Thursday, March 29, 2012

Alberta Votes!

Or, if recent trends continue, about 35% of us will. But the political landscape has changed quite a bit since 2008, so maybe voter turnout won't keep falling.

Making the biggest waves is the Wildrose Party, which as of today is polling firmly in second place and is poised to win a few dozen seats. Some polls even have them in first place. I find this frightening personally, but it is pretty impressive progress from one elected MLA four years ago. I haven't yet gone through the Wildrose platform, but I can say with some confidence that this is the local version of the US Republican party, complete with personal attack ads. If you would like to know more about the Danielle Smith, I highly recommend reading Dave Cournoyer's Smith v. Board of Education series about her tenure as a Calgary Board of Eduction trustee. [Spoiler alert: the board became so dysfunctional it was dissolved by the eduction minister.]

The rise of the Wildrose has placed the Progressive Conservative party no longer on the far right. I won't go so far to say they are in the centre, but since Ron Liepert is not running again the whole party automatically becomes a little less obnoxious. It also helps that Alison Redford is the first premiere since Lougheed who can put a few sentences together without sounding like a redneck. But the PCs still rule Alberta like an entitled dynasty. They have squandered a lot of our potential: low royalty rates by world standards, pandering to oil and gas companies in general, screwing our environment (especially water). And whatever happened to the Heritage Fund? There is zero transparency and spending is far from under control.  After 40 years of conservative government, Alberta is like the family earning $300,000 a year but can barely make ends meet. As they say, governments and diapers should be changed often, and for the same reason.

This scenario - a stale establishment conservative party facing an even-more-conservative grassroots rival - happened not too long ago in Canada. When Reform started taking seats from the federal PC Party, the result was three Liberal majorities for Chretien. Which should be good news for non-conservatives in Alberta, but there isn't a single obvious alternative on the left. The closest thing used to be the Alberta Liberal Party, but of their nine seats won last time around, two have crossed the floor and three of their more respected MLAs are not running again. Raj Sherman, the new ALP leader, was elected as a conservative and was subsequently kicked out of that caucus. There are still people in Alberta who won't vote liberal because of the NEP, and there is likely more than the usual Liberal baggage due to the federal party's collapse last May.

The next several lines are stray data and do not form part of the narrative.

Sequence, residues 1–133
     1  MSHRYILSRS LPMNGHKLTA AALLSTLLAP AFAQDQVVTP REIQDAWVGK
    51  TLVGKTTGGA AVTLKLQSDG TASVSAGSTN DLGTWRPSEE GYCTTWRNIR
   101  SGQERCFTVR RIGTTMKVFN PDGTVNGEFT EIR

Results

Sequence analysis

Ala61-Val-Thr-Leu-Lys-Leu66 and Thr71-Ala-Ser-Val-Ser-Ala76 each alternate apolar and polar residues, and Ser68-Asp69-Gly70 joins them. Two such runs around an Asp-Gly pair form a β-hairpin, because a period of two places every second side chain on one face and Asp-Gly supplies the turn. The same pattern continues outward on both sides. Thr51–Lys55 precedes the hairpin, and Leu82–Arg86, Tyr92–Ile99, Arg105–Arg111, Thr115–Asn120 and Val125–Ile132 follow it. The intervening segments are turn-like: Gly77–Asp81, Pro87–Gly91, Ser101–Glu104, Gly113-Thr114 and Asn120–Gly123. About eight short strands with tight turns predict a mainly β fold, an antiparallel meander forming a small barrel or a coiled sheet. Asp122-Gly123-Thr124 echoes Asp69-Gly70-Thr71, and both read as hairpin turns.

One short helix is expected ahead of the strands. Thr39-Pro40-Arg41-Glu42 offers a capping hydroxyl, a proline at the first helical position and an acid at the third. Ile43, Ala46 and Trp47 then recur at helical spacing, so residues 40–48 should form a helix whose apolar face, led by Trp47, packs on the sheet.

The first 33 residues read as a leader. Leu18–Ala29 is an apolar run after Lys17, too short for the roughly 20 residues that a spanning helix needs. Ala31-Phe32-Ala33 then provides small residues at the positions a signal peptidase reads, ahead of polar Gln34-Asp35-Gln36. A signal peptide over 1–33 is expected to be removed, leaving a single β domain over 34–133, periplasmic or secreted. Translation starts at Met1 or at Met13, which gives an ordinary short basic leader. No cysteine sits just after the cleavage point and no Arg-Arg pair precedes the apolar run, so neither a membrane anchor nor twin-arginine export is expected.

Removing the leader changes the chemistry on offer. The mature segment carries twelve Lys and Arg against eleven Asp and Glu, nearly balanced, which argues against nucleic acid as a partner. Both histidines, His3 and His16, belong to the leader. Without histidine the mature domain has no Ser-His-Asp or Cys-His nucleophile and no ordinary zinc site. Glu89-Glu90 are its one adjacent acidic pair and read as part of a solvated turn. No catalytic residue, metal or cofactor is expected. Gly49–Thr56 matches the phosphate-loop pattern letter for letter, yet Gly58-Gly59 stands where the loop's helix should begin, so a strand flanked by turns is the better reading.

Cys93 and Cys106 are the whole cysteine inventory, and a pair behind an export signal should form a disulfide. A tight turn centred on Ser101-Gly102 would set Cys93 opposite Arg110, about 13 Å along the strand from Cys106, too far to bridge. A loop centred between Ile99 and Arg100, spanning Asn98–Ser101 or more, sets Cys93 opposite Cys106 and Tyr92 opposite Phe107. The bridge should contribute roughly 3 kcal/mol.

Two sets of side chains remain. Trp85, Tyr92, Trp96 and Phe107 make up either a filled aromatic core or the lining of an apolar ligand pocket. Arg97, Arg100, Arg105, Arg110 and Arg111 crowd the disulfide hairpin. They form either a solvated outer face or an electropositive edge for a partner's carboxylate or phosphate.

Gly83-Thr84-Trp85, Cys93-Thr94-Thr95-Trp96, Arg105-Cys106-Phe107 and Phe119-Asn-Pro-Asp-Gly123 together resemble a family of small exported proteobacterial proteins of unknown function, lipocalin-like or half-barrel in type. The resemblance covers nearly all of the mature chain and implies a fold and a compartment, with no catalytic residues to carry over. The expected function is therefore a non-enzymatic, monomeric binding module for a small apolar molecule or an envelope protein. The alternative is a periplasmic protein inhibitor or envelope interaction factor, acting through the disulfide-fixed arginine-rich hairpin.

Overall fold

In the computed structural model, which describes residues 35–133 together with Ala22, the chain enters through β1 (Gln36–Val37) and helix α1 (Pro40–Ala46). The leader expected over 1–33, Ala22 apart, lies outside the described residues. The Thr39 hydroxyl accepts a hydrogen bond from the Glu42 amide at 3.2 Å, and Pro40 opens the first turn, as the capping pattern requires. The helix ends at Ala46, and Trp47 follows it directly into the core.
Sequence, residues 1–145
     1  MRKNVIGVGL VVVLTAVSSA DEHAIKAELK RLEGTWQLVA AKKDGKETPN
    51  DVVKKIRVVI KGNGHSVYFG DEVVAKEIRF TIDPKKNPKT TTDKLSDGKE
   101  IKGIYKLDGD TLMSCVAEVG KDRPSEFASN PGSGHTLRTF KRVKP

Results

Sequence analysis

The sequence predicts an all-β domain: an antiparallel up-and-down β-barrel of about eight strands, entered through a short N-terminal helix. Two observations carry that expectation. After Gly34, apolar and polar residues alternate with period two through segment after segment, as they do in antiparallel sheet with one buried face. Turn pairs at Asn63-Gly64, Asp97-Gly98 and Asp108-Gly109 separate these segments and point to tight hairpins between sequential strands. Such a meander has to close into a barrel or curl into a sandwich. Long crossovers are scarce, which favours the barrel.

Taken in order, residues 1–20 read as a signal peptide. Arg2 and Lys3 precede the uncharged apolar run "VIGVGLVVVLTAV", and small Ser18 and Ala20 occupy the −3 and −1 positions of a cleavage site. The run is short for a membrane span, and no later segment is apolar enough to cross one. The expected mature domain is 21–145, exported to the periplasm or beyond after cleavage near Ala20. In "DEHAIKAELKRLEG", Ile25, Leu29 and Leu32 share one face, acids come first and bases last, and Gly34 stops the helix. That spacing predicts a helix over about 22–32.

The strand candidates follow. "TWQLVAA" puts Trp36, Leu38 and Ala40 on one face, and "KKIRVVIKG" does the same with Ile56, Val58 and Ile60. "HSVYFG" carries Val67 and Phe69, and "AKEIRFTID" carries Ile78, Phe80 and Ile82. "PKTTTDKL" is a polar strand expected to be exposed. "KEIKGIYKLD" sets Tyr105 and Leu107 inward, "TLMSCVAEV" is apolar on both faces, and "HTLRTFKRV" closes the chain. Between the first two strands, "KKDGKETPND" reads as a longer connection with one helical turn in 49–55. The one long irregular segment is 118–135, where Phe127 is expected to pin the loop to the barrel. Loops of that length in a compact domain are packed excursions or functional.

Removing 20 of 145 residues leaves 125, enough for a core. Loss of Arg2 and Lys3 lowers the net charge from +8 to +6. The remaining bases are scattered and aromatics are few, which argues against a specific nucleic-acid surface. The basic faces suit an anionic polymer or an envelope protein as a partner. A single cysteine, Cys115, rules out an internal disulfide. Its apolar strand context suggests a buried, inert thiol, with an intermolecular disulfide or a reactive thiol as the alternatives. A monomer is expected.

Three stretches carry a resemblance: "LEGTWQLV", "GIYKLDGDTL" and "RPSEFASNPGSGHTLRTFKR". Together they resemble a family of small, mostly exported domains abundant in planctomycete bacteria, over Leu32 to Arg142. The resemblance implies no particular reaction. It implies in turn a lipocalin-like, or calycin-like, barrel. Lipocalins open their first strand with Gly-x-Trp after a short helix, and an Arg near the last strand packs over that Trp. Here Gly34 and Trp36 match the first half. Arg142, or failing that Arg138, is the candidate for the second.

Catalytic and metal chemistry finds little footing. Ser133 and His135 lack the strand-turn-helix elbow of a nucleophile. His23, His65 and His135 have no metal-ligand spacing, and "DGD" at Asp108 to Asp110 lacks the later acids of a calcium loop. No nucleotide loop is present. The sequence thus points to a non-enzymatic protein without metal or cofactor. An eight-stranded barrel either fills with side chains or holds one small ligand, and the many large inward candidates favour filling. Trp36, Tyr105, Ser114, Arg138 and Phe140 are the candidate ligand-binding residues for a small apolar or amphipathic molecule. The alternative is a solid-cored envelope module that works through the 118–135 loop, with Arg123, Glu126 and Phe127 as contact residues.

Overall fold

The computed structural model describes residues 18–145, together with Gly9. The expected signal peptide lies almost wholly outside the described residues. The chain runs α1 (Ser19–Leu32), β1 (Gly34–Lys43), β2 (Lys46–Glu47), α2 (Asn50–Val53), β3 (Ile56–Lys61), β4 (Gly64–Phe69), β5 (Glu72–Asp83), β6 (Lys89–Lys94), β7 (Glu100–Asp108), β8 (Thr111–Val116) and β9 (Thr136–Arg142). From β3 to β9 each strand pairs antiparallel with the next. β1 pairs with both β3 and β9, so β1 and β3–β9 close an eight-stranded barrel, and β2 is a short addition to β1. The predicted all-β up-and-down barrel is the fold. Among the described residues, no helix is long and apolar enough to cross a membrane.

The NDP (formerly ND but no longer ashamed to share their initials with their federal cousins) strike me as the perfect opposition party: with only two MLAs they consistently punch above their weight and manage to call the government to task on almost every issue. Unfortunately they never seem to propose concrete alternatives (which the Liberals usually do, to their credit) and don't appear interested in any kind of political compromise which might lead to greater success. Nationally the NDP party has been doing some soul-searching on this issue. With a divided right and a Liberal party in disarray, the NDP could be poised to replicate last year's orange crush in Alberta. But only if they tone down the rhetoric and act like a party which could realistically govern. That idea is seen as a sell-out to most new democrats, so I doubt a breakthrough is going to happen.

And just to complicate things, there is the new Alberta Party. It appears to be a group of dissatisfied liberals and red tories who are hoping to build a wide tent in the centre. I sort of like and yet don't like their platform concept - the Big Listen. Forming policy through a series of small living-room discussion is interesting, but it seems like there is no central vision or guiding principles to start with; they just emerge from the discussion. I am interested in the future of this party, and they have some credible and experienced candidates, but are unlikely to have any broad success in their first general election.

To round out the field, we have the EverGreen (formerly Green) party, the ghost of the Social Credit party, the Separation Party of Alberta, and of course the obligatory Communist party. Fun fact: more people are Facebook friends with my daughter than voted for these last two parties combined in 2008. All we're missing in Alberta are the Marijuana party, the Natural Law party and a few Rhinoceros candidates.

I know we live in an imperfect world and we're all trying our best, so in general I try not to be too cynical about politics. But there are limits.

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